Ever since my trip to last year’s Pax Unplugged, I feel like a veil has been lifted from my eyes. I thought I knew what all the new board games were and had my finger on the pulse of the boardgaming world. Well, that wasn’t really the case, and with how fast new games spring up, it’s basically impossible to keep up with all of them. I saw this one hit the App Store though and I knew I had to get it. Raiders of the North Sea($9.99) is a worker placement game for up to 4 players that puts you in the role of a viking intent on setting sail in the pursuit of plunder and glory. You will need to assemble supplies and a crew in order to prepare your attack. Each turn you get to either set sail to raid or take two options in your town that help you prep your ship. As you gather shipmates to your cause and amass supplies, you can start attacking harbor locations. With enough crew strength and supplies, you can push further inland to more heavily fortified locations for greater rewards. This is a game built around choice and leaves little to chance. There is a little bit of card draw randomness but strategy is going to win out over luck the vast majority of the time when you play Raiders of the North Sea.
Worker placement board games are a staple of most serious table top diets. From the Dungeons and Dragons rooted Lords of Waterdeep to the nuclear proliferation based Manhattan Project, you can find a theme of any stripe to toss meeples at. What Raiders of the North Sea does differently isn’t just swap in a theme palette and call it a day. It looks at the inner workings of the genre and decides that the status quo has got to go. Instead of slowly filling a board covered in a myriad of options, in this game you only have a handful of options, and no matter what you can almost always get to the job you need to do.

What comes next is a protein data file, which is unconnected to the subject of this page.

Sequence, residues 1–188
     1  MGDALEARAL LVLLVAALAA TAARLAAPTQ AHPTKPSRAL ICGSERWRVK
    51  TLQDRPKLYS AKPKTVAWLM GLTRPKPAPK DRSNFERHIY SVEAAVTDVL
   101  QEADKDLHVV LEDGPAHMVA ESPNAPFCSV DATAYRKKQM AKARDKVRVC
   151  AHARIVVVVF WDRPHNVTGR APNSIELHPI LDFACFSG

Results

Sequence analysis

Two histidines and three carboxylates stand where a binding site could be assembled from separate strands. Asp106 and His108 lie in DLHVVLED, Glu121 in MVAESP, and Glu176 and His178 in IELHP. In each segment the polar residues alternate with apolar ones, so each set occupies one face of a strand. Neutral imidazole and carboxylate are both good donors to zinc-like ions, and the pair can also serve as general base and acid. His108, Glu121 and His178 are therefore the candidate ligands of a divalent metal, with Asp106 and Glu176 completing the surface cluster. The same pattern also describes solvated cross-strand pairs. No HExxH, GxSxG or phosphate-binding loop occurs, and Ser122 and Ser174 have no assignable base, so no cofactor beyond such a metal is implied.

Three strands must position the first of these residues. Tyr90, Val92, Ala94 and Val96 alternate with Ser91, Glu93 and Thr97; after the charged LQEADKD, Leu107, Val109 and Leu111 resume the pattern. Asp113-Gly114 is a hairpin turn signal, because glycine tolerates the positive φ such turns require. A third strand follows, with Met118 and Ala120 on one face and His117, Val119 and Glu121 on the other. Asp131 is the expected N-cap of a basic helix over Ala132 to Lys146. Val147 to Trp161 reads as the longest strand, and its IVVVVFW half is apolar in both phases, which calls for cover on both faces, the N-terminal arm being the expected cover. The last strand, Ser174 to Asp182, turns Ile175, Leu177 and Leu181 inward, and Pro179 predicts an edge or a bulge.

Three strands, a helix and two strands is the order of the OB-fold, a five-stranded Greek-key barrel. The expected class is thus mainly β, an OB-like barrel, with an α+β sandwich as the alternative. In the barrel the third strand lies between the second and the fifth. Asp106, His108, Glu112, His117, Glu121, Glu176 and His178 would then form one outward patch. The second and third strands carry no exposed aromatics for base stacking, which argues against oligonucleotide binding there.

The problem comes with order of operations. Mechanically speaking, you take your turn first by placing the meeple you have, and then picking up one that was already on the board. You take the actions of both of those spots on the board, first the one then the other. So the worst thing an opponent can do to you is prevent you from doing two things in the order you want to do them, or sometimes preventing two actions from being done in the same turn. This vastly reduces the board control aspect other players can have on your gameplay and opens up the entire game in a way that the majority of worker placement games only wished they had. Doing a raid is a bit different, but you still end up putting a meeple down and then picking up a different one. Overall, you will never have a “dead” turn playing Raiders of the North Sea, only a less optimal or more optimal turn.
The only negative thing I can really say about the way the game plays is that you and your opponents will all basically follow the same biorythym in game. Very often you are gathering, recruiting, and raiding the same time everyone else is. On one hand it’s not necessarily a bad thing to be able to gauge how quickly you are progressing vs the other players, but there is not a whole lot of asymmetry in this one. Even with the armory and valkyrie tracks that reward you for armor gained and sacrifices made you won’t get into many situations where a come-from-behind victory surprises anyone.
Now if all I had to say about this game is “yep, it’s a good game” you could just go to one of the many wonderful boardgaming YouTube channels and get a whole word smorgasbord about the quality of the game. What you wont get from a boardgame review is any words about the quality of the app. Sitting at just under 365 megs on my phone, the game boasts online and local play along with a solid tutorial and easy to press buttons and icons. While it would be a nice thing to see more work done to reduce crashes the game has when starting up and maybe a color blind mode, the game has a solid foundation. I have seen no stability issues once past the initial load in, and ultimately the app does its primary job – to present the game in a clean manner and organize the inner workings of the game mechanics.
At the moment neither the Hall of Heroes nor the Rocks of Ruin expansions are available as add ons, but at $9.99 Raiders of the North Sea offers a really solid gameplay experience in a well put together package. I would say the primary audience for this app, like most board game apps, is the travelling board gamer who isnt interested in lugging their entire collection along with them. We need to see more board game apps like this one. Not just that prime target is satisfied, but also a wider array of folks with features like online play and a simple and easy to use interface. If you like board games that emphasize strategy over randomness or board games that feature vikings, or just worker placement games, this is a great one to pick up.